If this is the strongest empirical support advocates of New Zealand’s approach to immigration can adduce, those who have been inclined simply to go along should surely be rethinking their unquestioning support for the policy approach –  whatever merits it may or may not have for some other countries.  I’m aware of a tendency for New Zealand Initiative people to think that the onus of proof isn’t, or shouldn’t, be on them, so obvious and “morally right” is the case for immigration.  Quite where the burden of proof lies is probably more a political one than an economic one, but one might hope that the advocates could produce more evidence, or sustained analysis of the New Zealand case, than is evident in the New Zealand Initiative’s economics chapter.  Especially when the policy approach they support has been tried for more than 25 years, and when even they concede some puzzles about New Zealand’s economic performance in that time.

The authors of the IMF paper, and the earlier Ortega and Peri, paper, hypothesise that the gains from immigration come largely through a total factor productivity (TFP) channel.  Although they never explicitly say so, The Initiative seem to share this perspective, with all their talk of ideas, innovation, alternative perspectives etc.  The IMF researchers didn’t test the connection between immigration and TFP.     But in my earlier post I included this chart, using the same foreign-born population share data the IMF did.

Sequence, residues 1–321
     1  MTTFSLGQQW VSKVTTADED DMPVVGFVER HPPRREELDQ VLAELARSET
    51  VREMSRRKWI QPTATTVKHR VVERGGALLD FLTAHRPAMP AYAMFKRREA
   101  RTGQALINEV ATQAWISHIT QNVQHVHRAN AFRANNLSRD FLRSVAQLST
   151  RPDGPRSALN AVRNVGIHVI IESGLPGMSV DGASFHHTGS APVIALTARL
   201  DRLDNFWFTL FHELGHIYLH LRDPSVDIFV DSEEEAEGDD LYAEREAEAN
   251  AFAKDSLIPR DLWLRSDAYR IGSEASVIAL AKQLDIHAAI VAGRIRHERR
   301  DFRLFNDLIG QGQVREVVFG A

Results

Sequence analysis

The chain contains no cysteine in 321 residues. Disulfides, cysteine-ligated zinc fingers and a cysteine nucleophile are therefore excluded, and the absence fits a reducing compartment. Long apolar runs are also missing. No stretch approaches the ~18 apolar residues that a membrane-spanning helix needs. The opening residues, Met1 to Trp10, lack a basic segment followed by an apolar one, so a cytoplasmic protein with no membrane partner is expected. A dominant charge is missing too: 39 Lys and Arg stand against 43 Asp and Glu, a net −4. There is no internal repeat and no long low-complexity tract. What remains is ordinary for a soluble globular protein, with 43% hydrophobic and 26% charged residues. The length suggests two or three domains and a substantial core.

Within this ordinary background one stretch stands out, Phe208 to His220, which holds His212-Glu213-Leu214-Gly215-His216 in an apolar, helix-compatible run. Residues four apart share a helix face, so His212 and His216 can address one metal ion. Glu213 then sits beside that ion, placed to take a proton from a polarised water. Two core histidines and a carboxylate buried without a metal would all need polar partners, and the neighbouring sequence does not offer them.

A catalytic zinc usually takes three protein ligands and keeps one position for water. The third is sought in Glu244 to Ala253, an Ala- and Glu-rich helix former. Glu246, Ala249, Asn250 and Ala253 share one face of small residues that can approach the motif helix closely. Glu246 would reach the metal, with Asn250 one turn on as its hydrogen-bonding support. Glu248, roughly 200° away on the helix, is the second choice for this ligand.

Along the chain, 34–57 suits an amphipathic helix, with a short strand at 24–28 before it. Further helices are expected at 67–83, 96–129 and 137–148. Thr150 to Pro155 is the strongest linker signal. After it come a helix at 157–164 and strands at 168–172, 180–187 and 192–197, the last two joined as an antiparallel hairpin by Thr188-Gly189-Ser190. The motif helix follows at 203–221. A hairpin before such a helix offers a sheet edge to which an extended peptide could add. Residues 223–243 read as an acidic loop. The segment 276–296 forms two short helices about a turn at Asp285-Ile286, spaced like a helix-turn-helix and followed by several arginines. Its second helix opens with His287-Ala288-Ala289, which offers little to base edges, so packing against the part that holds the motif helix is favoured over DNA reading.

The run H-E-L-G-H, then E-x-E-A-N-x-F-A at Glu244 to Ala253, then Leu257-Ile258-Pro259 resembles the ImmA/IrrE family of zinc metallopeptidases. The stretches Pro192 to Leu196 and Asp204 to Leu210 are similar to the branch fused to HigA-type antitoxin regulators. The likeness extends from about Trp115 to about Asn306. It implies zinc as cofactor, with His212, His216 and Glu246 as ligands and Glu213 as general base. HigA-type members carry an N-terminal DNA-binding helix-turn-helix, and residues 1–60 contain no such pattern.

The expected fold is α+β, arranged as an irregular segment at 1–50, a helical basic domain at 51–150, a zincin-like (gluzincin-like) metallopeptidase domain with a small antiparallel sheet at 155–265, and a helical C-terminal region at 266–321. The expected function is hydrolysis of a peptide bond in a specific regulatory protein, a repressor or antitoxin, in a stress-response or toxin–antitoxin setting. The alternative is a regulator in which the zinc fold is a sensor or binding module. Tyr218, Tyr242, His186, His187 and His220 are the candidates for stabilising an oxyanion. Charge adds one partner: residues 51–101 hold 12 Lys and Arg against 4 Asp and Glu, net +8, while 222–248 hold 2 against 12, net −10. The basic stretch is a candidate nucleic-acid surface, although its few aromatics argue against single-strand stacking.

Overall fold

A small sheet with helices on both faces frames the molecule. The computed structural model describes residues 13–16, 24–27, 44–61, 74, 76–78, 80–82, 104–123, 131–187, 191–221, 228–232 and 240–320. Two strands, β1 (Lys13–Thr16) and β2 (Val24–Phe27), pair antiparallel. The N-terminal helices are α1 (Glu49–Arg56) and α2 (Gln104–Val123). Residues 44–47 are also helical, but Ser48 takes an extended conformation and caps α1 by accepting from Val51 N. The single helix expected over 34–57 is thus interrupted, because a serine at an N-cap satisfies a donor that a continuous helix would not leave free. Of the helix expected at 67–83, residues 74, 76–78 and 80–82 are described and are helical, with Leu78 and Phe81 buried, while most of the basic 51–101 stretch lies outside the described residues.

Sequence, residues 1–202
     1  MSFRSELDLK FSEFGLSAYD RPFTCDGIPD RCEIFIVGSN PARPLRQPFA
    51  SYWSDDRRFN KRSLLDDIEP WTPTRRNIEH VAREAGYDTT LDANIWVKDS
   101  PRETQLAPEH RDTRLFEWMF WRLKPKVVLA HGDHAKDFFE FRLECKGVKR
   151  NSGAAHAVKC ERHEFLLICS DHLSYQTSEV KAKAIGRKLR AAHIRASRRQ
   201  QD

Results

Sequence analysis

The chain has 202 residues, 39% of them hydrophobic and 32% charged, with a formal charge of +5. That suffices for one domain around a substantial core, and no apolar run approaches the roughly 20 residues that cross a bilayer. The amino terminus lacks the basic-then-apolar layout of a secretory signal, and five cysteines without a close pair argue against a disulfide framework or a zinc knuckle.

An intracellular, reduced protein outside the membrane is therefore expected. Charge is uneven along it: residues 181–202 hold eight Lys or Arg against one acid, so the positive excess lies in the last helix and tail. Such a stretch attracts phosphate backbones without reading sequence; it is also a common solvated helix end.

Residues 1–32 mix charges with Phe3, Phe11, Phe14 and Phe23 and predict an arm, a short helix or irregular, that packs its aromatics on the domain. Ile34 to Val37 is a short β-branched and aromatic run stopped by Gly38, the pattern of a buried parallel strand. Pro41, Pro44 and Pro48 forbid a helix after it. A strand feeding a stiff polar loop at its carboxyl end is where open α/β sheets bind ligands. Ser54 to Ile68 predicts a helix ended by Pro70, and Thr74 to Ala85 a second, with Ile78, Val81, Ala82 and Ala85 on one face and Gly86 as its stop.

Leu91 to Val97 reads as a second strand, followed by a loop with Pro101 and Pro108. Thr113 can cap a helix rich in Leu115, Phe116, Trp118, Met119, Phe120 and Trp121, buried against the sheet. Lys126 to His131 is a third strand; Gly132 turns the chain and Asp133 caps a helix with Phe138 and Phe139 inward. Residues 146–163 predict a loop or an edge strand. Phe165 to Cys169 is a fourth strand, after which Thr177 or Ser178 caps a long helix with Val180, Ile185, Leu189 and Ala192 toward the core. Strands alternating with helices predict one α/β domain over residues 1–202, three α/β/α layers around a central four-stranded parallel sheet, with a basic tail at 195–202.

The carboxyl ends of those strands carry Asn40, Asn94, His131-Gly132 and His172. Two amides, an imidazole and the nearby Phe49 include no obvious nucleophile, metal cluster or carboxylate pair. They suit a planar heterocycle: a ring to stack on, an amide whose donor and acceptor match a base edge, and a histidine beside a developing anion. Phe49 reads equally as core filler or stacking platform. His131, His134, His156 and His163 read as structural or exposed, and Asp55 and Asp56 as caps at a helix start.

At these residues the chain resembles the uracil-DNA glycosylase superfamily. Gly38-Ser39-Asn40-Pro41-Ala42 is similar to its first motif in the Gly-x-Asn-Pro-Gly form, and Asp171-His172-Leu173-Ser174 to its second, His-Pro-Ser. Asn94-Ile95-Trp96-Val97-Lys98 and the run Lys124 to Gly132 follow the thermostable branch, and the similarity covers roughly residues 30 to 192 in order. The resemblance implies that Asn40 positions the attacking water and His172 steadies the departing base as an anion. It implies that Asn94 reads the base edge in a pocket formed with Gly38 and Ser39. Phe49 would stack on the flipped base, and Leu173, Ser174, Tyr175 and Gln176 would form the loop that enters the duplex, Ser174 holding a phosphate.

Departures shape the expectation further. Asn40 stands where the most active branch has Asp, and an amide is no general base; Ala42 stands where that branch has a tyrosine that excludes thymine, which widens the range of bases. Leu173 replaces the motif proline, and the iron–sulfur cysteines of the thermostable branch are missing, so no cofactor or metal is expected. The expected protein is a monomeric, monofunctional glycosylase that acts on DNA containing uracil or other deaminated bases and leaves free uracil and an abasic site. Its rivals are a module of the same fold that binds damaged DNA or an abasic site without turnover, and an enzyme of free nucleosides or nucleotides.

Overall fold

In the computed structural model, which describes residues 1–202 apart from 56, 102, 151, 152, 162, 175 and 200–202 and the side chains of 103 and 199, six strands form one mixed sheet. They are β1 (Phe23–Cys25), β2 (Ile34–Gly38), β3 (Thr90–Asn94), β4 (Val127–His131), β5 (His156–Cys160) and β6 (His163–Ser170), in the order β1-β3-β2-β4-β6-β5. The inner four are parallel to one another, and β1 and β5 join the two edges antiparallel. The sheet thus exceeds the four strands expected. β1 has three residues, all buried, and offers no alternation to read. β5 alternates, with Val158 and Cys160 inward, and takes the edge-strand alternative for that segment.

If anything, over the period they looked at, the relationship was negative –  a larger increase in the foreign-born population share was associated with weaker TFP/MFP growth.  New Zealand is the red dot in the chart.  The outlier –  in the top right hand corner –  was Ireland, which looks more positive for the IMF/Initiative story, except that as I also showed in that earlier post, it is quite clear that the surge of migrants into Ireland came several years after the surge in TFP growth.

And, on the topic of TFP growth, in a post last week I illustrated again just how weak New Zealand’s TFP growth has been relative to that in other advanced economies.    Surely, serious think-tank advocates of New Zealand’s large scale non-citizen immigration policy would want to engage with this sort of record, and the apparent inconsistency with the connections they have hypothesised?